10 years after Josh Schwartz's decision to kill Marissa Cooper off The OC in the season 3 finale, the show's creator is still speaking out about the tough choice.
He recently spoke at a writer's room reunion for The OC at the ATX Television Festival, along with executive producers Stephanie Savage and Leila Gerstein and music supervisor Alexandra Patsavas.
"It's something we still wrestle with," said Josh. "Steph and I still talk about it and play it back."
The death occurred when Ryan (played by Benjamin McKenzie) and Marissa (played by Mischa Barton) were involved in a car crash, and Marissa died in Ryan's arms. Josh Schwartz said that the reason for the choice was based on a couple of factors.
"It's complicated," he said. "There were a lot of factors involved and it was something we really wrestled with and there were reasons both creative and in terms of just the show itself and where we were at that moment with the network."
The death was met with mostly celebration from fans at the time, however there was also anger and fan art that was sent to the creators according to Schwartz.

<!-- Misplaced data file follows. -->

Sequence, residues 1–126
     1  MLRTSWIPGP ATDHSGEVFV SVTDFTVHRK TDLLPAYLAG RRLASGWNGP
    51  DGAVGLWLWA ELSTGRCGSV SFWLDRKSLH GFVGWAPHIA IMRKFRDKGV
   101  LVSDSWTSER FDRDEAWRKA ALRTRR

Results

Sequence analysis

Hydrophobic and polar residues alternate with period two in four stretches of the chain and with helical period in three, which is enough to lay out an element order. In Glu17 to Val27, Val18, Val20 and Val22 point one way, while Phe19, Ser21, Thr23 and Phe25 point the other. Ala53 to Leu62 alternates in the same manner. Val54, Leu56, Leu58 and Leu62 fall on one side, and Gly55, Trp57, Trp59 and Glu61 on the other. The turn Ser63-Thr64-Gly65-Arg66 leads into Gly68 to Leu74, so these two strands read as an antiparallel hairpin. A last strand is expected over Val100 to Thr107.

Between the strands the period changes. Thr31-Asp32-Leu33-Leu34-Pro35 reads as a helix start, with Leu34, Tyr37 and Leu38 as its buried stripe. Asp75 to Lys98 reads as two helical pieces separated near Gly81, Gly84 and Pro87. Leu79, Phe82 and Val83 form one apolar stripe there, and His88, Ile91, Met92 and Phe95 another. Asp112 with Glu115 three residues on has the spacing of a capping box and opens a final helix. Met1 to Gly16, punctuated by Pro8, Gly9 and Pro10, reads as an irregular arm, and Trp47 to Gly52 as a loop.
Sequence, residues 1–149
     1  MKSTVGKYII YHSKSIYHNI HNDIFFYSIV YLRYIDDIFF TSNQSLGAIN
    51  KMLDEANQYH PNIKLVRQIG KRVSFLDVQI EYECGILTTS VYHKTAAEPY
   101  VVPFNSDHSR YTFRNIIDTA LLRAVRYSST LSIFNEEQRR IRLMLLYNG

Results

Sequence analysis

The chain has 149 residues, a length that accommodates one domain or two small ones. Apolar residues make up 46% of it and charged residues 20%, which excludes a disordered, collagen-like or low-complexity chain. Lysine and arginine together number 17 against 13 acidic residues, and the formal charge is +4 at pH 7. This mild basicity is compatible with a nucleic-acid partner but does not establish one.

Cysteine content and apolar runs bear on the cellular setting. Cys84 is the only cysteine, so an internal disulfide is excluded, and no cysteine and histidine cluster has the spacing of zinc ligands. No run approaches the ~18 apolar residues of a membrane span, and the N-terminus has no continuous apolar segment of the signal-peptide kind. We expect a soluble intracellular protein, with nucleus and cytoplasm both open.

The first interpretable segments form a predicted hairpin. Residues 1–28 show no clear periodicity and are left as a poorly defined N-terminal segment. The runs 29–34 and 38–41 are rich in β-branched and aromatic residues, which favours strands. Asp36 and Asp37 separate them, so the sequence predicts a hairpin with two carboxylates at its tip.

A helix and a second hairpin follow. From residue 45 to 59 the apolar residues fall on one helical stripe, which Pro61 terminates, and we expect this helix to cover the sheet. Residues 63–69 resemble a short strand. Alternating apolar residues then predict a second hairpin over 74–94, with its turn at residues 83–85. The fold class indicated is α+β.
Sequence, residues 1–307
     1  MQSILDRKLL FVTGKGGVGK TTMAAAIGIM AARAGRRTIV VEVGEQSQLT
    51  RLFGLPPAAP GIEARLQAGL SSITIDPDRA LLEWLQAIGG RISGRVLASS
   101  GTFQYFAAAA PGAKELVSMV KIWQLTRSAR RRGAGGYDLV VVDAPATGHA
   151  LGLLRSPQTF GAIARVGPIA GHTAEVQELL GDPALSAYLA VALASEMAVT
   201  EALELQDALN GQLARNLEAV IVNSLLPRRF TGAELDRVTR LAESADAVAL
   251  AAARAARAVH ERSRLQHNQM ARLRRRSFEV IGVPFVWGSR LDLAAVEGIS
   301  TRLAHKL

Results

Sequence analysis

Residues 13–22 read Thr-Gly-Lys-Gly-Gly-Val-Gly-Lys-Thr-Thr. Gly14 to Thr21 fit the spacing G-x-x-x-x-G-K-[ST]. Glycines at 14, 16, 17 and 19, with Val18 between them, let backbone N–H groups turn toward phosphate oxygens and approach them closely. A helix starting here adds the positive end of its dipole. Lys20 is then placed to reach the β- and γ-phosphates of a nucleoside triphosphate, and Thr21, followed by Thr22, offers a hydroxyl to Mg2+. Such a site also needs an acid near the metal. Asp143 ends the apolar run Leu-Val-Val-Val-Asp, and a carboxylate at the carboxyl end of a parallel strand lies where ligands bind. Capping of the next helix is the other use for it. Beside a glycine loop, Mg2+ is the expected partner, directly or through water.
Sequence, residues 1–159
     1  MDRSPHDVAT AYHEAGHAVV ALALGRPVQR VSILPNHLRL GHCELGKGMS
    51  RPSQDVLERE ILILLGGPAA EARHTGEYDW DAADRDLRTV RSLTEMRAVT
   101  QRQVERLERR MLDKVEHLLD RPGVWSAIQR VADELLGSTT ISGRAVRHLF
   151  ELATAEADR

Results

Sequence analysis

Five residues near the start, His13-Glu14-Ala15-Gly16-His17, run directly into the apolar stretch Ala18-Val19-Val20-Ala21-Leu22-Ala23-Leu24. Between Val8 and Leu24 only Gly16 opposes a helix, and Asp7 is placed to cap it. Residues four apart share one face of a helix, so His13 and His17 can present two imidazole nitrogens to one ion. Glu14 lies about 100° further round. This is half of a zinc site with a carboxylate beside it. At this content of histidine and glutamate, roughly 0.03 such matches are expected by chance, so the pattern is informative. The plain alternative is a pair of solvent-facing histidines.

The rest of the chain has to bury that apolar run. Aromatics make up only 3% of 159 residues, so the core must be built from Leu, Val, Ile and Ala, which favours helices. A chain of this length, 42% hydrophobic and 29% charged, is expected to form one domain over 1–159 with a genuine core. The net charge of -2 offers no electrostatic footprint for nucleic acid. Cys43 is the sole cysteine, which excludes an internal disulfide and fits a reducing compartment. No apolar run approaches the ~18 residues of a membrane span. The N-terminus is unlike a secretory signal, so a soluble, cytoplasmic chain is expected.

He also explained the reason the casting team chose Mischa Barton in the end for the role instead of Olivia Wilde.
“Marissa was obviously a character who Ryan needs to save,” Schwartz said, “And Olivia Wilde needs no saving. She’s pretty tough”.
During the session, Stephanie Savage also revealed that Seth Cohen was the character that Josh had inserted as himself into the show. He related to Seth through his geekiness, and being Jewish at a school full of white water-polo players.
"Seth Cohen was Josh's way into the show and it was also what made the show in many ways unique," Savage said. "Because it was unique, it was challenging for the network who wasn’t used to seeing a character like that in their glossy primetime soap."
The writers knew that the fourth season would probably be the last at the time and took the opportunity to push the limits of the show. For instance, Taylor Townsend (played by Autumn Reeser) played a bigger role in the season and added a different voice to the show.
"It was freeing creatively. We did some pretty weird stuff in season four," Schwartz said. "We took some chances that I think we probably would have felt uncomfortable doing before that."